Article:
For the users on the client machines to have access, NFS expects the client’s user and group ID’s to match with those on the server. Another option is to use the NFSv4 idmapping feature that translates user and group IDs to names and the other way around.

That’s it. At this point, you have set up an NFS server on your CentOS server. You can now move to the next step and configure the clients and connect to the NFS server.

Firewall configuration

FirewallD is the default firewall solution on Centos 8.

The NFS service includes predefined rules for allowing access to the NFS server.

The following commands will permanently allow access from the 192.168.33.0/24 subnet:

sudo firewall-cmd --new-zone=nfs --permanent
sudo firewall-cmd --zone=nfs --add-service=nfs --permanent
sudo firewall-cmd --zone=nfs --add-source=192.168.33.0/24 --permanent
sudo firewall-cmd --reload

Set Up the NFS Clients

Now that the NFS server is setup and shares are exported, the next step configure the clients and mount the remote file systems.

You can also mount the NFS share on macOS and Windows machines, but we will focus on Linux systems.

Installing the NFS client

On the client’s machines, install the tools required to mount remote NFS file systems.

  • Install NFS client on Debian and Ubuntu

    The name of the package that includes programs for mounting NFS file systems on Debian based distributions is nfs-common. To install it run:

      
    sudo apt update
    sudo apt install nfs-common
  • Install NFS client on CentOS and Fedora

    On Red Hat and its derivatives install the nfs-utils package:

    sudo yum install nfs-utils

Mounting file systems

We’ll work on the client machine with IP 192.168.33.110, which has read and write access to the /srv/nfs4/www file system and read-only access to the /srv/nfs4/backups file system.

Create two new directories for the mount points. You can create these directories at any location you want.

sudo mkdir -p /backups
sudo mkdir -p /srv/www

Mount the exported file systems with the mount command:

sudo mount -t nfs -o vers=4 192.168.33.148:/backups /backups
sudo mount -t nfs -o vers=4 192.168.33.148:/www /srv/www

Where 192.168.33.148 is the IP of the NFS server. You can also use the hostname instead of the IP address, but it needs to be resolvable by the client machine. This is usually done by mapping the hostname to the IP in the /etc/hosts file.

When mounting an NFSv4 filesystem, you need to omit the NFS root directory, so instead of /srv/nfs4/backups you need to use /backups.

Verify that the remote file systems are mounted successfully using either the mount or df command:

df -h

The command will print all mounted file systems. The last two lines are the mounted shares:

...
192.168.33.148:/backups           9.7G  1.2G  8.5G  13% /backups
192.168.33.148:/www               9.7G  1.2G  8.5G  13% /srv/www

To make the mounts permanent on reboot, open the /etc/fstab file:

sudo nano /etc/fstab

and add the following lines:

/etc/fstab
192.168.33.148:/backups /backups   nfs   defaults,timeo=900,retrans=5,_netdev	0 0
192.168.33.148:/www /srv/www       nfs   defaults,timeo=900,retrans=5,_netdev	0 0

To find more information about the available options when mounting an NFS file system, type man nfs in your terminal.

Another option to mount the remote file systems is to use either the autofs tool or to create a systemd unit.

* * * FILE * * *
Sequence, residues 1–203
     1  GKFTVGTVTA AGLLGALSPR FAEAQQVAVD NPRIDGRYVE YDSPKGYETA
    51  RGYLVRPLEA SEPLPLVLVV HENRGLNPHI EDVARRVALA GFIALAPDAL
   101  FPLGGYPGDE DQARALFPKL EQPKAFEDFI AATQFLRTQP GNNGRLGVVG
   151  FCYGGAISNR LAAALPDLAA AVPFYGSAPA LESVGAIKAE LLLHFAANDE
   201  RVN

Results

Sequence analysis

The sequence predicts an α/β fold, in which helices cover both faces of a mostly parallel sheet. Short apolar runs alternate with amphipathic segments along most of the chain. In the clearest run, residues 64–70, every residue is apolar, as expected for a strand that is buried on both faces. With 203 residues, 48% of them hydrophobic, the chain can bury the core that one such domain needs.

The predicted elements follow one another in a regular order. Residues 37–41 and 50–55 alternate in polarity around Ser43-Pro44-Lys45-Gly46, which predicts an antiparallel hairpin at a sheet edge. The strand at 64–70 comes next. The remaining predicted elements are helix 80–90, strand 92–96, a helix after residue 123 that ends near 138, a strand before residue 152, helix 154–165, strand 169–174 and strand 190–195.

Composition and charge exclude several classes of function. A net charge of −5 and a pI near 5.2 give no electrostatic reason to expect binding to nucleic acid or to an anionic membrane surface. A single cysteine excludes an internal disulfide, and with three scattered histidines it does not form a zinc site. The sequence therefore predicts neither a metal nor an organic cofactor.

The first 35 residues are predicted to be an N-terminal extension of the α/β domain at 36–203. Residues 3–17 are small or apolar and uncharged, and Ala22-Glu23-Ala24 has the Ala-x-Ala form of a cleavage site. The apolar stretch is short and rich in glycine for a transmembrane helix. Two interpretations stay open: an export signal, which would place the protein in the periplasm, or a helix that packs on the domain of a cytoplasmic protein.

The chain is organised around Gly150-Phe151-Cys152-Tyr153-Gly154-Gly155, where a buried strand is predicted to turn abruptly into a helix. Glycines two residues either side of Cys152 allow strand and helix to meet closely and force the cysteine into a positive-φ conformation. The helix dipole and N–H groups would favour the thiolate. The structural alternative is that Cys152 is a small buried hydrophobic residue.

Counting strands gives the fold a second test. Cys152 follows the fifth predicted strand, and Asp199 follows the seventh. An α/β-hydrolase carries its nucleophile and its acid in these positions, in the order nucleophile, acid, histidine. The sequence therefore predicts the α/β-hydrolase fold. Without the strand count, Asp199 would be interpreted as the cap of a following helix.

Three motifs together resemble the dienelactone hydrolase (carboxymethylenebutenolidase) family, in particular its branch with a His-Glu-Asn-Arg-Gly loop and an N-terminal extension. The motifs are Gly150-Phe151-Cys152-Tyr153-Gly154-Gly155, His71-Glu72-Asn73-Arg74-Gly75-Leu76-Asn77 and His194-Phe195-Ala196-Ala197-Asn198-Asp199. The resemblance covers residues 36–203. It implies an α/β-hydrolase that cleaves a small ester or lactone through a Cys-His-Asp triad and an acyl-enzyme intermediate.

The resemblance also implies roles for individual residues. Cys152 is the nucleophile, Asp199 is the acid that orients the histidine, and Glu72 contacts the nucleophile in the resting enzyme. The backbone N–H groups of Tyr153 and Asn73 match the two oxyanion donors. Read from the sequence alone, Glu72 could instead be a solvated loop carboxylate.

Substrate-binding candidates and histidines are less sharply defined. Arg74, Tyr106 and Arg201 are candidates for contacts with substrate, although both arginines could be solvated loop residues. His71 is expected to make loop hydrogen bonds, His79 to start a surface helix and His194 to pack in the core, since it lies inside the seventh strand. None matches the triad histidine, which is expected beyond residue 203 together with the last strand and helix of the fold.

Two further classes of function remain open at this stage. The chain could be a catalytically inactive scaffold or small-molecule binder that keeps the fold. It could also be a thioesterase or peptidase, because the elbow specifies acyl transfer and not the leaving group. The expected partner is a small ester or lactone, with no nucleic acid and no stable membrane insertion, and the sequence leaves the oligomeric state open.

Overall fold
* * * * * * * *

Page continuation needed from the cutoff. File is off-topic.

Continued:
Testing NFS Access

Let’s test the access to the shares by creating a new file in each of them.

First, try to create a test file to the /backups directory using the touch command:

sudo touch /backups/test.txt

The /backup file system is exported as read-only, and as expected you will see a Permission denied error message:

touch: cannot touch ‘/backups/test’: Permission denied

Next, try to create a test file to the /srv/www directory as a root using the sudo command:

sudo touch /srv/www/test.txt

Again, you will see Permission denied message.

touch: cannot touch ‘/srv/www’: Permission denied

The /var/www directory is owned by the apache user, and this share has root_squash option set, which maps the root user to the nobody user and nogroup group that doesn’t have write permissions to the remote share.

Assuming that a user apache exists on the client machine with the same UID and GID as on the remote server (which should be the case if, for example, you installed apache on both machines), you can test to create a file as user apache with:

sudo -u apache touch /srv/www/test.txt

The command will show no output, which means the file was successfully created.

To verify it list the files in the /srv/www directory:

ls -la /srv/www

The output should show the newly created file:

drwxr-xr-x 3 apache apache 4096 Jun 23 22:18 .
drwxr-xr-x 3 root     root     4096 Jun 23 22:29 ..
-rw-r--r-- 1 apache apache    0 Jun 23 21:58 index.html
-rw-r--r-- 1 apache apache    0 Jun 23 22:18 test.txt

Unmounting NFS File System

If you no longer need the remote NFS share, you can unmount it as any other mounted file system using the umount command. For example, to unmount the /backup share you would run:

sudo umount /backups

If the mount point is defined in the /etc/fstab file, make sure you remove the line or comment it out by adding # at the beginning of the line.

Conclusion

In this tutorial, we have shown you how to set up an NFS server and how to mount the remote file systems on the client machines. If you’re implementing NFS in production and sharing sensible data, it is a good idea to enable kerberos authentication.

As an alternative to NFS, you can use SSHFS to mount remote directories over an SSH connection. SSHFS is encrypted by default and much easier to configure and use.

Feel free to leave a comment if you have any questions.